So you’re for compulsory non-group individual policies which are tax deductible? How do you police hospital “price gouging” when there are no competitors in a market? “some of which are fascist in nature” Examples? “A crap system everywhere it’s been tried” Seems no one in those “crap systems” are looking to overthrow them. “equally lousy care on waiting lists for all” http://www.washingtonpost.com/blogs/wonkblog/post/americas-waiting-times-are-the-worst-in-the-world/2011/05/09/AFGIxr2G_blog.html Wait lists are a creature of cost control, or if you will rationing. Everyone is trying to manage them to balance between cost and access, especially in a growing aging population. You seem to think we can have… Read more »

Peter1
Guest
Peter1

“The consumer, for want of a better term, does not incur the marginal cost of the marginal benefit.” The uninsured cash pay sure as hell does. The insured see their deductibles, co-pays and premiums rising but are locked in a “can’t do without” service. The employer system sees the “marginal benefit”, especially those self insured. We accept and support fire departments and water/sewer systems and road construction and police as necessary government run services paid through taxes, and we support private utilities being regulated by government, but somehow can’t fathom health care and its necessity as better handled by government.… Read more »

Saurabh Jha
Guest
Saurabh Jha

The costs are diffused, therefore no longer marginal, and the benefits uncertain, so also not marginal. Regardless, the pricing is distorted. Imagine if hotel in Vegas has guaranteed 90 % occupancy. The 10 % price is affected by the certainty of the 90 % occupancy.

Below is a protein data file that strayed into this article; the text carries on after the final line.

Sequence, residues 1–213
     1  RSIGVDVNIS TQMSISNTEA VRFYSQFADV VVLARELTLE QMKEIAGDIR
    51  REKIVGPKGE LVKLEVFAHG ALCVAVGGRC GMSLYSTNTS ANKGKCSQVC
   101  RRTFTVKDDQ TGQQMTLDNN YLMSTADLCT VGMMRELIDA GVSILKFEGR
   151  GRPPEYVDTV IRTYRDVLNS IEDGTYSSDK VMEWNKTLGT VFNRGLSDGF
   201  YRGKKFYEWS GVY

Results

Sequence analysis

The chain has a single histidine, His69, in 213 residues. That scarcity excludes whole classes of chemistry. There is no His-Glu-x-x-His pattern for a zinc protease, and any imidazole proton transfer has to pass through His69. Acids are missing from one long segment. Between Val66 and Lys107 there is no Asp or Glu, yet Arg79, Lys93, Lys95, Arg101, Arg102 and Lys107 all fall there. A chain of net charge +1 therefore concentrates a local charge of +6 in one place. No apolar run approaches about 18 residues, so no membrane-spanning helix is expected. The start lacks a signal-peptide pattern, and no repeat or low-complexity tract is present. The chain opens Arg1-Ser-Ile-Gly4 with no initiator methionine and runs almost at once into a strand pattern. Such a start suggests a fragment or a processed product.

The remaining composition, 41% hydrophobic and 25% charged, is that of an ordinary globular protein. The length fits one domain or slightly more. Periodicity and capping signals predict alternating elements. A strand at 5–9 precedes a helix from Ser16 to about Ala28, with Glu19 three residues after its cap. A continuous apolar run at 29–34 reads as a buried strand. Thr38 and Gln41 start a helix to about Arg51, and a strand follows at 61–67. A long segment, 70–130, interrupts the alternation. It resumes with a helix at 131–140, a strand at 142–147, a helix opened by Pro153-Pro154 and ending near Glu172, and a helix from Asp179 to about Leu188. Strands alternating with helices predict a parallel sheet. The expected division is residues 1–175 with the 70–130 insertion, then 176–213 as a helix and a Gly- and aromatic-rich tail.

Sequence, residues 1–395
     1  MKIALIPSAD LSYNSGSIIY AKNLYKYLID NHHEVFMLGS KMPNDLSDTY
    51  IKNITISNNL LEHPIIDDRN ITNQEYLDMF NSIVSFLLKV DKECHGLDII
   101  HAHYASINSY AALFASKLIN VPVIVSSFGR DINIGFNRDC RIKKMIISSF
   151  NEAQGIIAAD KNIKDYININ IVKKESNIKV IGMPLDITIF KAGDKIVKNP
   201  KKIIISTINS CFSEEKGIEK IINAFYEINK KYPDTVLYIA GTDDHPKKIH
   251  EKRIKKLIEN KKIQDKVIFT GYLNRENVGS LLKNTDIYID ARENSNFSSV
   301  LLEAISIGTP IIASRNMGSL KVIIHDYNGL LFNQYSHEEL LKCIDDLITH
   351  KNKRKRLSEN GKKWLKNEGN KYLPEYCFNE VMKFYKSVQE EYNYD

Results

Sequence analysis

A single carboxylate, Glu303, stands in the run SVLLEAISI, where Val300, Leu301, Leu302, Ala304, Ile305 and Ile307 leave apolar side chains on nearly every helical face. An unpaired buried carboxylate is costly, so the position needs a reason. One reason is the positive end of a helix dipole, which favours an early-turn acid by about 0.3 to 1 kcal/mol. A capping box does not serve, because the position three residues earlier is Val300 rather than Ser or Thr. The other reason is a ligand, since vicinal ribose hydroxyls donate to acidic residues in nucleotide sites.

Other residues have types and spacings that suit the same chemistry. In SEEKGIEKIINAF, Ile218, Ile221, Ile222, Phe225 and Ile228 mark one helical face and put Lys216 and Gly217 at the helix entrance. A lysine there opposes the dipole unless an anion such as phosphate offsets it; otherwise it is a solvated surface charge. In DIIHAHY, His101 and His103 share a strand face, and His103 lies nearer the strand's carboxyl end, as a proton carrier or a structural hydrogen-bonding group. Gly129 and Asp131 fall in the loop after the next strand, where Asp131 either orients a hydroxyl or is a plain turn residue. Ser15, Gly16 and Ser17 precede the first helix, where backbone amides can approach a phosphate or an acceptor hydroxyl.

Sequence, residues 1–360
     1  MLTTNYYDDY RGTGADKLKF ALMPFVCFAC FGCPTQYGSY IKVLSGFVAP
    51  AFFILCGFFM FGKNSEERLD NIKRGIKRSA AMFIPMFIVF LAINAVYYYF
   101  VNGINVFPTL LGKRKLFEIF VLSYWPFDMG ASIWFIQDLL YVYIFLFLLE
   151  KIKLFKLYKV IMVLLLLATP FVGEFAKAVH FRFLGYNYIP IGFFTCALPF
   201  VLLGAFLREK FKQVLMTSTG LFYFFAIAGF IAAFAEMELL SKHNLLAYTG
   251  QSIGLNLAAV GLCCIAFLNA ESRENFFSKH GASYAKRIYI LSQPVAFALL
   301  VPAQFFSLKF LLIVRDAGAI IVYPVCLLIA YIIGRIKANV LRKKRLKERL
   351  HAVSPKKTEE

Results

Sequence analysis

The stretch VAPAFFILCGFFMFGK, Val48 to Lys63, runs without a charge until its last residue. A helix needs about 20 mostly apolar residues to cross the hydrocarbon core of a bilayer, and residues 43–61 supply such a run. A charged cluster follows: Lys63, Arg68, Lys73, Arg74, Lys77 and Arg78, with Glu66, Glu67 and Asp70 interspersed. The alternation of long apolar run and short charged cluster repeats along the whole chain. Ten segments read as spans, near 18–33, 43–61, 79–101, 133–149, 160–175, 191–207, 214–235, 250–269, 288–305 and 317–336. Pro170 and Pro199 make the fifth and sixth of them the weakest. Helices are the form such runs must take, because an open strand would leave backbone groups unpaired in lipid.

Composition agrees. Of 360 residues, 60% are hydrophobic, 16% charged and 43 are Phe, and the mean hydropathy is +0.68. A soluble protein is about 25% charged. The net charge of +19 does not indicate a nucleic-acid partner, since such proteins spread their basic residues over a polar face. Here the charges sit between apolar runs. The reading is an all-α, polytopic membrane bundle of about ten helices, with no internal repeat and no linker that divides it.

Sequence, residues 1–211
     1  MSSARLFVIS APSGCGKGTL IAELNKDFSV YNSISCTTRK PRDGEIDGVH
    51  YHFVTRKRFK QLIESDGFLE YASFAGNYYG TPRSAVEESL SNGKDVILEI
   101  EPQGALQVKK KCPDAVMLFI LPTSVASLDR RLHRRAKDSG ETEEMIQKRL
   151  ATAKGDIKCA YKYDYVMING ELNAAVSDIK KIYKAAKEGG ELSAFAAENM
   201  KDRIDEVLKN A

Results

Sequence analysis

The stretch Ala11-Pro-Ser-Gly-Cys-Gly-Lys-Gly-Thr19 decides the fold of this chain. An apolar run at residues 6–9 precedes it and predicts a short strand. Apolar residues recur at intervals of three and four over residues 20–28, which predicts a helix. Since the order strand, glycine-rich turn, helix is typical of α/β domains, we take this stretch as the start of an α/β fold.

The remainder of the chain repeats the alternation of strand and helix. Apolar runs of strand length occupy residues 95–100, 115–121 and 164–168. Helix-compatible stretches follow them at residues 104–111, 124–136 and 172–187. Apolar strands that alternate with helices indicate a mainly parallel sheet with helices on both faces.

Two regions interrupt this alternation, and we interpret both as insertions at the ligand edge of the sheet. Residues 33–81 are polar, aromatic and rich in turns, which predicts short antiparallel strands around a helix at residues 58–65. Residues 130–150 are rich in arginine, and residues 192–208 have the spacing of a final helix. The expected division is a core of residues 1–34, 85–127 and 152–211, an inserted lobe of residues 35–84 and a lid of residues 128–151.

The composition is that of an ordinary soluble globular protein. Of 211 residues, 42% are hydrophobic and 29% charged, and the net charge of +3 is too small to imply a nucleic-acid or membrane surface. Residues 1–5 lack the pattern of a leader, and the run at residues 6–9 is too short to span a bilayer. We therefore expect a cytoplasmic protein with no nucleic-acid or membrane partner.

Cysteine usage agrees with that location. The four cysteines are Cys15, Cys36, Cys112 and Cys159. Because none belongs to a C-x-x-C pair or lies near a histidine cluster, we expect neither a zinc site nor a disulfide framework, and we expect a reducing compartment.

The comparison to other public services is interesting. I don’t have a counterpoint at this moment but will have to think a bit about the NHS.

RadsDoc64
Guest

I would say alternatively that the mark of a civilized society is how its government and its citizens deal with the issue of individual rights. Does its government respect and protect the individual’s right to his or her own life, liberty or property? Do its laws forbid violation and punish violators of those rights? Or does the government actively violate the rights of its citizens through its laws and serve as an agent for the legalized and institutionalized violation of individual rights, liberties and property rights of its citizens ? This is the difference between a civilized society where individual… Read more »

Saurabh Jha
Guest
Saurabh Jha

In your model of voluntary private charity the do-gooders will be out of business quite soon. This can work at the level of the PCP but not emergency department. Indeed, this was one of the reasons that EMTALA was instituted.

It’s good to protect individual rights, but society is far more interdependent today than 200 years ago. Defining private property is difficult.

Peter1
Guest
Peter1